I also see grandparents as muddling that already terrible “heritage Buddhist” definition – where children grow up encountering the Dharma from their grandparents even through their own parents had rejected that very series of influences.

I am not part of that muddled category as neither my parents nor my grandparents are Buddhist. Still, I would not have ended up a Buddhist without the opportunity to know my grandparents. They taught me generosity, always being willing to give what they had simply for the reason that it was there to give. I learned patience, temperance, and that doing what is right for your family requires doing what is right by your family.

That being said, I only terrifiedly came out about my wacky religion to my grandparents this last year.

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What does it mean to not be Buddhist?

This past summer I visited my main spiritual teacher, and he naturally inquired how my practice has developed since we last met three years ago. When I first met my teacher, I told him that I was Buddhist, and he asked me what that meant. I was still active in a college Buddhist association, and for me that was the chief example of what it meant to be Buddhist. I was Buddhist because I was in a Buddhist club.

My perspective on Buddhism has almost entirely been framed by my American upbringing, whether I like it or not. I classify Buddhism as a religion, on par with Judaism and Christianity (among many others). I call myself “Buddhist”, and I wear a symbol of my faith around my neck and wrist. I even use it as an excuse to avoid drinking (“It’s against my religion”) or to justify my behavior (“I’m Buddhist, I don’t kill bugs”).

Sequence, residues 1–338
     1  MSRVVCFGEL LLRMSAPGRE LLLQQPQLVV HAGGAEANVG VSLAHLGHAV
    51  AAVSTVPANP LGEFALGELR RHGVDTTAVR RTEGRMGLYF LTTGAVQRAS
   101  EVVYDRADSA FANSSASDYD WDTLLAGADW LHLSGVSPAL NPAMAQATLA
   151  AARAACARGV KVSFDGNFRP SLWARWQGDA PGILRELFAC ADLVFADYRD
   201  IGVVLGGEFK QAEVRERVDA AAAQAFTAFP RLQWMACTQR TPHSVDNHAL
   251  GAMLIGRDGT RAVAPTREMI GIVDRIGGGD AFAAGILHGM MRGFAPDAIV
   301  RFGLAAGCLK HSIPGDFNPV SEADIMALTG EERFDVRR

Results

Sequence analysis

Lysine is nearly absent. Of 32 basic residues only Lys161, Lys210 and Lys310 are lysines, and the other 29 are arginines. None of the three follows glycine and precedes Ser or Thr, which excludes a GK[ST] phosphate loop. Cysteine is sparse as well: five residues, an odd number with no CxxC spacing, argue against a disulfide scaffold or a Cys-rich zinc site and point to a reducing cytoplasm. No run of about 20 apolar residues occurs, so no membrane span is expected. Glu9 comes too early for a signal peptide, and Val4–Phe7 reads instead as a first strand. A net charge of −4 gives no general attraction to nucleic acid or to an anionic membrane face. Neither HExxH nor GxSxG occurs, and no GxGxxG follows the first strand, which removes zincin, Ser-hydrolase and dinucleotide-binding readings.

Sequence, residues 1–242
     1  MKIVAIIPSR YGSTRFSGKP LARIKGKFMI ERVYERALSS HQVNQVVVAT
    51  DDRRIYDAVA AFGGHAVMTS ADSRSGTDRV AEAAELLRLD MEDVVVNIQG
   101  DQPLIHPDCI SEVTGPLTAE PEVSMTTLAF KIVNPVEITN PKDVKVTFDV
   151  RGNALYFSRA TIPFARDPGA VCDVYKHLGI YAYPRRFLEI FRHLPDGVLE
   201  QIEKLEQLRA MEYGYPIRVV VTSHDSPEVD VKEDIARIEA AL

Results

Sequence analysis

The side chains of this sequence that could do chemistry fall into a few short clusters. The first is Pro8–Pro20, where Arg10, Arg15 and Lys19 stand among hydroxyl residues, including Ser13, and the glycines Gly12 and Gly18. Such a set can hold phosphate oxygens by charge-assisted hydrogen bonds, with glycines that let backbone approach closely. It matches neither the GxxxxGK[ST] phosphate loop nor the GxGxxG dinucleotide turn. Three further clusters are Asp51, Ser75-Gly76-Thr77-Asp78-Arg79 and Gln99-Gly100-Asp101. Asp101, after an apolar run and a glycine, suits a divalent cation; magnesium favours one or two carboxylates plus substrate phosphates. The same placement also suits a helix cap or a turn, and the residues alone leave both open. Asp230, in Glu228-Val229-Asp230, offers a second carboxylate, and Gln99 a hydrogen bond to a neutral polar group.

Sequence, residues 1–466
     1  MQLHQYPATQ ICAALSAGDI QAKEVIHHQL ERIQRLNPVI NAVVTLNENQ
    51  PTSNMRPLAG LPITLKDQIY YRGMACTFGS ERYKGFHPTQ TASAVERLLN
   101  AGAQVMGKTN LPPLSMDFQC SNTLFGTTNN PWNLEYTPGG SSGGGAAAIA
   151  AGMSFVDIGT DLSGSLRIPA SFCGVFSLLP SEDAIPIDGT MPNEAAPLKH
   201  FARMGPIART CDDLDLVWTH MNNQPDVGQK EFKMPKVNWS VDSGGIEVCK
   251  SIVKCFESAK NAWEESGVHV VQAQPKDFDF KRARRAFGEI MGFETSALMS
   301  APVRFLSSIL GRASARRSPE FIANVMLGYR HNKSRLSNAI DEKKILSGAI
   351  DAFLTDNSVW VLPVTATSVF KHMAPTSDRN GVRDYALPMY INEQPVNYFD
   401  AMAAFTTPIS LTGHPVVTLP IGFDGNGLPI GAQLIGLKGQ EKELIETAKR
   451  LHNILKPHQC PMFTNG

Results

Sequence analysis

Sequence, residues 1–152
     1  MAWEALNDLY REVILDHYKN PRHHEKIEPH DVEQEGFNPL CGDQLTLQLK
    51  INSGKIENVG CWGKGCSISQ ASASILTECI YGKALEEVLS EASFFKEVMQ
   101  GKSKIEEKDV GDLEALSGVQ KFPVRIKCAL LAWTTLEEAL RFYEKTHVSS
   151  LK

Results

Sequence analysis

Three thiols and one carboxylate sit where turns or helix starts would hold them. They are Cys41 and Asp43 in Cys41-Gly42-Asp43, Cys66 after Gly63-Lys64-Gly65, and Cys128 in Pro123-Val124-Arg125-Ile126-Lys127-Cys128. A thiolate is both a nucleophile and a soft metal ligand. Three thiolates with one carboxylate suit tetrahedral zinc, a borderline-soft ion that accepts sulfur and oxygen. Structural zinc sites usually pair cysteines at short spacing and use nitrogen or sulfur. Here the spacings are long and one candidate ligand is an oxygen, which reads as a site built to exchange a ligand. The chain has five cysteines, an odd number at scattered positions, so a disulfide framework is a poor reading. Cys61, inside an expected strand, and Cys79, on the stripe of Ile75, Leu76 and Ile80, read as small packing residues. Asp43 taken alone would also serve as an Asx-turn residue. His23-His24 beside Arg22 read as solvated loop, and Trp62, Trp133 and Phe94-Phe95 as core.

But I recently stumbled across an interview with SN Goenka, a famous teacher of vipassana meditation, where he says, “I don’t teach Buddhism. I am not a Buddhist.”

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Gandhi: incredible non-Buddhist, incredibly non-Buddhist

Recently, I have been reading Gandhi’s Hind Swaraj and, while reading it, I realized it was something that I very much enjoyed which had nothing to do with Buddhism.

I feel like Buddhists, myself included, frequently try to ‘claim’ Gandhi – to express our love for his ideals by scuttling him under the Buddhist umbrella. But I’m not sure that’s best for Buddhism, or for expressing a sincere respect for Gandhi.